ings that will follow free labor. Wo nre; and
nnd tho sooner all ndmit this fact tho more
hearty and candid will be tho support of the
Administration and the more speedy the peace
which all desire, nnd which will follow tho sub
mission, (and wo hopo tho execution or expa
triation) of tho demagogue traitors of Secessia.
The position is not to be misunderstood. The
negro it the issuo between tho North nnd South.
Tho issue was not made by tho North or north
eru abolitionssts, but by a purse-proud negro
driving aristocracy made by a class of men
whose plethorie purses (now hapily well shrunk
en nnd shriveling still more) were filled with
tho gold coined from the sweat-drops of suffering
humanity a class despising labor and toil, and
branding men with far more intelligence than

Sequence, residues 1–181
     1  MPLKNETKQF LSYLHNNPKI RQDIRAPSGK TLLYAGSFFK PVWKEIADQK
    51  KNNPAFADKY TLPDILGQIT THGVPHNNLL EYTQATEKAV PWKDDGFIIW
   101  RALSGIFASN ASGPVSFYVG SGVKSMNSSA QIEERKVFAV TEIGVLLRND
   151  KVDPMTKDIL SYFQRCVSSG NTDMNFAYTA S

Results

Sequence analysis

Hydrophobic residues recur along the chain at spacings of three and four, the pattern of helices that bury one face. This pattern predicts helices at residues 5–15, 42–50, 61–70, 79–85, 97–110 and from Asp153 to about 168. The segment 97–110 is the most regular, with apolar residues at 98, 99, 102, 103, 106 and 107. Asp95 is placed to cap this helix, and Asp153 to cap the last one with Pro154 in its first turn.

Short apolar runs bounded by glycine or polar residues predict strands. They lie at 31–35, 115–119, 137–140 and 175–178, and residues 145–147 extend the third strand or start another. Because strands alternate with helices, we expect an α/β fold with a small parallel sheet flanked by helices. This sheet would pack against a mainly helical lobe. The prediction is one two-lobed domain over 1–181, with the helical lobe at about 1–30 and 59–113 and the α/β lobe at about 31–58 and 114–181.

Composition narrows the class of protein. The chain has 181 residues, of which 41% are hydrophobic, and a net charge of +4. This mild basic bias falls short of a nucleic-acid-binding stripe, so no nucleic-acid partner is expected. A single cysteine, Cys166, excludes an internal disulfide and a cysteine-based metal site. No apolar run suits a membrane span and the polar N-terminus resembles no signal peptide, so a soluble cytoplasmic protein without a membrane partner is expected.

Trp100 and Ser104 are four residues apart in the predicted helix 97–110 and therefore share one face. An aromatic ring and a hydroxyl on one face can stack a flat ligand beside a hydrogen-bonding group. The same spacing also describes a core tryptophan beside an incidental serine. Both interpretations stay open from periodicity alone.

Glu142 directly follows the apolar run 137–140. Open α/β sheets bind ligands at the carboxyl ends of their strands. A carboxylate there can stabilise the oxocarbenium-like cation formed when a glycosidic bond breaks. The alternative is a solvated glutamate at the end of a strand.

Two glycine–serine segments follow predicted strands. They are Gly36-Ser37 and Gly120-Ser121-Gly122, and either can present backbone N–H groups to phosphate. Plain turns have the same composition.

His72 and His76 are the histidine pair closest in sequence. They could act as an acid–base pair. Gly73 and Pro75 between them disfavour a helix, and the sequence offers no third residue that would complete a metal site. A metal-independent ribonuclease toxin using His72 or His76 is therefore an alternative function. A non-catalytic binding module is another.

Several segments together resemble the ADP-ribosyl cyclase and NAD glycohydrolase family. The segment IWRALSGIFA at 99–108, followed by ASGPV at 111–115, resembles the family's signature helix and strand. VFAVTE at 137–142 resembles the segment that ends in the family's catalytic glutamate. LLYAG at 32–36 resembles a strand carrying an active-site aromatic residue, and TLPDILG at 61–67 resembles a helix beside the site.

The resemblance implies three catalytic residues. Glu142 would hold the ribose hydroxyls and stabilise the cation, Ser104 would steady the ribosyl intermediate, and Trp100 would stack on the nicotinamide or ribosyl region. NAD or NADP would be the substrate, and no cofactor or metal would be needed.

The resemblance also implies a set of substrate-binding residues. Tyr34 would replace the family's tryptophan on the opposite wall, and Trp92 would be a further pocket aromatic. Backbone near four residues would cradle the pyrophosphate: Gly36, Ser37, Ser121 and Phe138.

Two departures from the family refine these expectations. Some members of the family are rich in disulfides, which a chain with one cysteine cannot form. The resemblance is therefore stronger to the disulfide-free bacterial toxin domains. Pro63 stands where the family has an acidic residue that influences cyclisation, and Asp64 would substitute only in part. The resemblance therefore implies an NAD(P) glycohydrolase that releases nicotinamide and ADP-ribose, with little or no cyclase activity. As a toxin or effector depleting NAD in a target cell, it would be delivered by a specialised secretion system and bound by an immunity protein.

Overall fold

themselves, of a higher and nobler humanity,
as "mudsills" a class who have been educate!
(or generations in the belief that they are " tho
salt of the earth" and that the proper condition
of things was the supreme rulo of the land for
them ; negroes, mudsills and poor white trash
all at their feel. To exterminate these " vermin"
from the " body politic" wo welceme war, wel
come eonstation, welcome EMANCIPATION.
The Chasoi. The chapgo in the War De
partment seems to be generally misunderstood.
Rorno have taken up tho idea that McClellan has
been superceded by the appointment of Ilalleek
as Commander in Chief, others think that II alleek
is virtually made Secretary of War, while some
hue sV.l.aol tho idea U..i If -t'lei-k superceded
McClellan and that McClellan was to take the